Brendan Rodgers may be out, but his impact won’t be so quickly forgotten

Brendan Rodgers may be out, but his impact won’t be so quickly forgotten

By Dave Turner (@DTurnerSports)

Rodgers is gone, but be careful what you wish for.


Plenty of Liverpool fans, including myself, were ready for a change. Another slow start to the season left much to be desired at Anfield.


Finally, after yet another uninspiring 1-1 draw, this time in the Merseyside Derby, the writing on the wall was finally realized. The Northern Irishman was relieved of his duties.


Brendan Rodgers will be remembered for many of the team’s shortcomings over his tenure. From the disastrous finish of the 2014-2015 season that saw Steven Gerrard sent off into the sunset with a 6-1 drubbing at the hands of Stoke City, to their late 2013-2014 defeat against Chelsea that could have resulted in a Premier League title.


Whatever the case may be, the expulsion of Rodgers will not soon be forgotten. What no new manager can change, or at least impact with any hastened effort, is the lack of cohesiveness on this roster. Even without the former Swansea boss in charge, his roster moves have backed the club into a corner.


Rodgers leaves Liverpool with a group of players that haven’t fit well together since the departure of Luis Suarez. Suarez and his electric play certainly covered up the warts on this roster. Christian Benteke, the big transfer window coup by Rodgers this summer, hasn’t seemed to work well, yet. The enigmatic Danny Ings has filled in more than admirably for Benteke in his absence, leading to questions as to whether or not Benteke would deserve a start over Ings once he is match fit once again.


The list goes on and on, with big-money signings failing to make a major impact. Adam Lallana – a solid player, but not for the £25 million fee. Dejan Lovren, £20 million and can’t insert himself into the lineup for any extended period of time. Dare we even begin to think about the £16 million paid for Mario Balotelli?


It would be unfair to completely write off the £32 million for Benteke or the £29 million for Roberto Firmino, but neither have done enough yet to justify the hefty price tag. The roster is undoubtedly underachieving, but one can make the case that the lack of prudent signings and money spent trying to convert players to other positions on the pitch has resulted in poor performances. Especially in the wake of losing Steven Gerrard and the experience and leadership that he brought, the Reds have struggled mightily to find any sort of consistency.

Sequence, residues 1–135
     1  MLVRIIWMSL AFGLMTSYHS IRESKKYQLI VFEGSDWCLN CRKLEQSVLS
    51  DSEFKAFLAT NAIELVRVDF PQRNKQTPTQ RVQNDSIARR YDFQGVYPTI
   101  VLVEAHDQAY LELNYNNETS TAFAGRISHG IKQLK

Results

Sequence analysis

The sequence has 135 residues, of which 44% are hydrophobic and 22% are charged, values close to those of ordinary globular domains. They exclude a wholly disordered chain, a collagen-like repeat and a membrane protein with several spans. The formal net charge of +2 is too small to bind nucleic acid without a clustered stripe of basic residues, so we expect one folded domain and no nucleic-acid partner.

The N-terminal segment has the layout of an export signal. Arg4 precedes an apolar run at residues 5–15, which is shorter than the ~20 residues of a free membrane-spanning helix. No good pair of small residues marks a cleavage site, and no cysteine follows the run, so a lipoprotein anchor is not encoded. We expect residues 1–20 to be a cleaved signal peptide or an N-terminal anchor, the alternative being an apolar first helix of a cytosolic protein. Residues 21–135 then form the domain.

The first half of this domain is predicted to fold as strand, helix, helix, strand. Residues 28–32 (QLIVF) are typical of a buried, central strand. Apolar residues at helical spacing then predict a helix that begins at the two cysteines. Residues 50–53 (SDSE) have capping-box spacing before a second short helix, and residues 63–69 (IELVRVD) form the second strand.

Rodgers is gone, but the worst may be yet to come.


Whether it ends up being Jurgen Klopp, Carlo Ancelotti or some other unknown manager, they will have their work cut out for them. The pressure of creating a winner out of this club may very well take some time, with a few transfer windows needed in order for the new manager to acquire the type of player necessary to compete for some hardware.


Patience is not something that we as Liverpool fans have ever had over the past few seasons. But, as 2005 begins to look smaller and smaller in the rear view mirror, the pressure is mounting by the day. The truth is, it may take a few seasons before things begin to click once again. In the meantime the pressure will continue to build on whoever takes over as manager to quickly turn things around. Perhaps it will take at least one more managerial change before the club begins to play championship-caliber football again, if the soon-to-be-hired boss isn’t ready to stick it out for the long haul.


With reports that FSG is looking to sell the team, a cloud of uncertainty hangs over Anfield. A new manager and perhaps new ownership will need to prove that they have the deep pockets and resiliency to do whats right, both for the short and long term.


Rodgers is gone, now he can’t be the scapegoat anymore.


Now, the impetus is solely on the players, can someone else win with Rodgers’ lineup? No longer can the supporters and media alike blame the man at the helm for the club’s shortcomings. This team will have to forge on with the spotlight shining brightly on the players. How confident can anyone be that this group has what it takes to finish top-four in the EPL or make a deep run in the Europa league?


Let this be a cautionary tale that the next move by FSG has to be one that sets this team in the right direction not just for the remainder of this season, but for years to come. Another misstep at this juncture could put this club farther away from contention than they’ve ever been.


Rodgers is gone, but his impact on this team will be remembered through this season and on, whether we’d like to remember it or not.

Recent Comments
  • Greg says:

    ALl Klopp has to do is actually play players at their natural position and it will be a huge improvement on the current circus.

    • Dave Turner says:

      I like Klopp, I really do, but some part of me just fears that it will take time for him to reconstruct the roster and undo some of the things Rodgers has done. That being said, I’m at least fairly confident that they’ll at least play with some more fire and passion under Klopp.

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